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November 2014

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Using Road Diets to Advance Healthy, Safe Communities

The Federal Highway Administration (FHWA) is advancing a low-cost proven safety countermeasure called a Road Diet, which can improve safety, livability, and health for communities across the nation. A Road Diet is an innovative approach to addressing high crash rates and other issues facing motor vehicles, cyclists, and pedestrians. In fact, studies have shown that implementing a Road Diet can result in a 19 to 47 percent reduction in overall crashes, and allow for a bounty of additional community benefits.

FHWA’s soon-to-be-released Road Diet Informational Guide offers insights into this unique approach, drawing upon research and practice from across the country. With a focus on classic Road Diets, the guide walks practitioners through the decisionmaking process, including safety, operational, and quality-of-life considerations, providing all the information needed to plan, design, and implement a Road Diet. The guide also references real-world examples from a variety of States and localities to showcase how different agencies have developed, employed, and evaluated Road Diets.

Anatomy of a Road Diet

A Road Diet removes travel lanes from a roadway and allocates the available space for other uses. The most common type of Road Diet is a “classic Road Diet,” which converts an existing four-lane undivided roadway to three lanes—two through lanes and a center two-way left-turn lane. This opens up space, allowing the extra width of the roadway to become bicycle lanes, pedestrian refuge islands, on-street parking, transit stops, and more. The new configuration improves safety by including a protected left-turn lane for mid-block left-turning motorists, reducing crossing distance for pedestrians, and reducing travel speeds, which in turn help to decrease crash severity.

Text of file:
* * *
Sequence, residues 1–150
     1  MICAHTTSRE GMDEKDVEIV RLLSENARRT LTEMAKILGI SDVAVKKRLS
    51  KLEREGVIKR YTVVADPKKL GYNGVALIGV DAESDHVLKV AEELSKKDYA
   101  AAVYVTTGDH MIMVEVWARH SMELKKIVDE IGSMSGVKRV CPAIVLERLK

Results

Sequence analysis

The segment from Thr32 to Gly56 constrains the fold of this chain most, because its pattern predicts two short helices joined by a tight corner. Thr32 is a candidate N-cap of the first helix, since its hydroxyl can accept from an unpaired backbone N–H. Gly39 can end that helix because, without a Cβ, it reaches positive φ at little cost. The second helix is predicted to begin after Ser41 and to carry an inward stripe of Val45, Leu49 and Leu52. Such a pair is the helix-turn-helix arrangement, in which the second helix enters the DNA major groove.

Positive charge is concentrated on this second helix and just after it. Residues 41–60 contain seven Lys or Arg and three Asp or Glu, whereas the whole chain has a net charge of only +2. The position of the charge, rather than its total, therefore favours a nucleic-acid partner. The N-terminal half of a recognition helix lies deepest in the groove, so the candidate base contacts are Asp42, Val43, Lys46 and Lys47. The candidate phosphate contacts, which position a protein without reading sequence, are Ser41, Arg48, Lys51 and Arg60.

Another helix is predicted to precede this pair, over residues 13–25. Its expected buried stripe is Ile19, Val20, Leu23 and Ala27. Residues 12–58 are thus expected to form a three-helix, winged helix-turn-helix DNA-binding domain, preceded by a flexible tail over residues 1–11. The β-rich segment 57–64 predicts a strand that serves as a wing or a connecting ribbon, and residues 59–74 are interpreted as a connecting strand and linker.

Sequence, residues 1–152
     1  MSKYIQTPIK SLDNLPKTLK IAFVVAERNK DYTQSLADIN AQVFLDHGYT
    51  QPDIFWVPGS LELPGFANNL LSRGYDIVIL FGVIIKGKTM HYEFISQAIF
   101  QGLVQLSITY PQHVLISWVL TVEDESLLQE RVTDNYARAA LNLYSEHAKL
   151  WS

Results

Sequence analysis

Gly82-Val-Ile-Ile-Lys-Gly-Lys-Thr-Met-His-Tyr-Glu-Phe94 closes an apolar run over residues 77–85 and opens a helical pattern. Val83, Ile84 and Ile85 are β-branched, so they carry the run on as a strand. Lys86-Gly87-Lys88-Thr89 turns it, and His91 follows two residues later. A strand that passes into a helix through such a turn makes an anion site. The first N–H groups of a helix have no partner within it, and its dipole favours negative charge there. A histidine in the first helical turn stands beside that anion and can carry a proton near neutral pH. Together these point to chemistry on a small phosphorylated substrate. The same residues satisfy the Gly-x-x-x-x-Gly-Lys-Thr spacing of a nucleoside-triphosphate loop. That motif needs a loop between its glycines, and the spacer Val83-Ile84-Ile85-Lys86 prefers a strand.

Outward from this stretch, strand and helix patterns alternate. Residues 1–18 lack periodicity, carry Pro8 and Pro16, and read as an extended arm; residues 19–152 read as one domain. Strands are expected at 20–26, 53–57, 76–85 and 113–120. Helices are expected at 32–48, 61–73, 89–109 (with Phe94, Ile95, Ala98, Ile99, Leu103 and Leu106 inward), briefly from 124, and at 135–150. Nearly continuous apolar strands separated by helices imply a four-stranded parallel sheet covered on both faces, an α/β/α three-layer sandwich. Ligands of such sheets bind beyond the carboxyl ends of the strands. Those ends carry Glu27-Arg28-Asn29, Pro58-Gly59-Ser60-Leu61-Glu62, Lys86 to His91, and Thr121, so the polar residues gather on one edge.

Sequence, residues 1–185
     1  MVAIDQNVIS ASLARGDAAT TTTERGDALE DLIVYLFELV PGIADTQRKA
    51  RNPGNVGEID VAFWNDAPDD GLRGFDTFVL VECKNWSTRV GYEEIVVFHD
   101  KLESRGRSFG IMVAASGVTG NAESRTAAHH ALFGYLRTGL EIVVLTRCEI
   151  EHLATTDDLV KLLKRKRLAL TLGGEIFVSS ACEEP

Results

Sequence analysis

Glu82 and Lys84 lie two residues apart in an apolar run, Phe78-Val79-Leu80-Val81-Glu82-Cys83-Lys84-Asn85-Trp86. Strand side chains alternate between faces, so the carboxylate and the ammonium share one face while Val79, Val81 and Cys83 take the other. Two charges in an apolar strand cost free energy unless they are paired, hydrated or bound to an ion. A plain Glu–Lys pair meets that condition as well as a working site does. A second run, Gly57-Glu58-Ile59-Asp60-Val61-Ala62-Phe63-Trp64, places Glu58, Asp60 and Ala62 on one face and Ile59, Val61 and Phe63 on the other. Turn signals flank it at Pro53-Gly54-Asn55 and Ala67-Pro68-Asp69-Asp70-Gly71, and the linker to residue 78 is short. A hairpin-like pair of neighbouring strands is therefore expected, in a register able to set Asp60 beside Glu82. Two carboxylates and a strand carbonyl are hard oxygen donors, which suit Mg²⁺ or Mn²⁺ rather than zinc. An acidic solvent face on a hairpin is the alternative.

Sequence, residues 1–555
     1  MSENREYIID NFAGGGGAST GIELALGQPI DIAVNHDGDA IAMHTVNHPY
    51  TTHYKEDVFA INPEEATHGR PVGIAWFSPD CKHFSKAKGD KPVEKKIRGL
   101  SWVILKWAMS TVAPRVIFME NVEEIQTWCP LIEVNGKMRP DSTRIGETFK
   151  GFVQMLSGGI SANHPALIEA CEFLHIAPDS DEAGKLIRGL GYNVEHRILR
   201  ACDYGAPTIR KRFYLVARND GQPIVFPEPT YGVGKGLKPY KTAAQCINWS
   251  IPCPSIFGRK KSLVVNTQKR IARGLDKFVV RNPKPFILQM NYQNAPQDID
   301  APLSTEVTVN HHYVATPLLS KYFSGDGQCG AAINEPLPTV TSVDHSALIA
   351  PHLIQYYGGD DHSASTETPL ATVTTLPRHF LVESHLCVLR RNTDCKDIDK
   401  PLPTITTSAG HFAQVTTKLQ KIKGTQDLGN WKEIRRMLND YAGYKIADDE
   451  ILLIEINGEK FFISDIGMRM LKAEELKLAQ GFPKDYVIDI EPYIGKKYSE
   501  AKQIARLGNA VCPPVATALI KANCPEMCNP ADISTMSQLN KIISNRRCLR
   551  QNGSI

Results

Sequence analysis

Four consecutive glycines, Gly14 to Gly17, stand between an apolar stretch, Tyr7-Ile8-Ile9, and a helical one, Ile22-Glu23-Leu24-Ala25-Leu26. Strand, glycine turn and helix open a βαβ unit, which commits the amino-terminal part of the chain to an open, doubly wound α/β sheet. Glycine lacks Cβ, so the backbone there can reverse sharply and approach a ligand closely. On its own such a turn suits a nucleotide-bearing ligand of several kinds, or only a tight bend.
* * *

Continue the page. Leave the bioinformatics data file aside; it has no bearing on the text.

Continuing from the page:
Before and after photographs of an undivided four-lane roadway and that same roadway after being converted into a three-lane undivided roadway with two through lanes and a center two-way left-turn lane

Before and after images show a conversion of an undivided four-lane roadway to a three-lane undivided roadway with two through lanes and a center two-way left-turn lane. (Courtesy of Virginia Department of Transportation)

Across the United States, many roads were constructed with peak flow in mind, when in reality these roadways may have excess capacity for most periods of the day. In some cases, practitioners have adopted a “less is more” attitude for these roads, putting superfluous four-lane highways on a diet. However, Road Diets are not the right solution for every roadway.

FHWA’s Road Diet Informational Guide summarizes numerous factors to consider when determining the feasibility of a site for a Road Diet. For example, one of the operational factors to consider is Average Daily Traffic (ADT), which provides a good first approximation on whether or not to consider a Road Diet conversion. FHWA advises that roadways with an ADT of 20,000 vehicles or less may be good candidates for a Road Diet and should be evaluated further for feasibility.

Case Studies Emphasize Safety, Livability, and Economic Benefits of Road Diets

Road Diets Offer Benefits Across the Board

As highlighted in the Road Diet Informational Guide, FHWA sees Road Diets as a win-win for quality of life, creating healthier communities via several key areas:


  • Road Diets reduce crash rates by 19 to 47 percent.
  • The rate of rear-end and left-turn crashes decreases through the use of a dedicated left-turn lane.
  • Pedestrians have fewer lanes to cross and pedestrian refuge islands may be installed.
  • Reallocated cross-section width allows for the installation of bike lanes.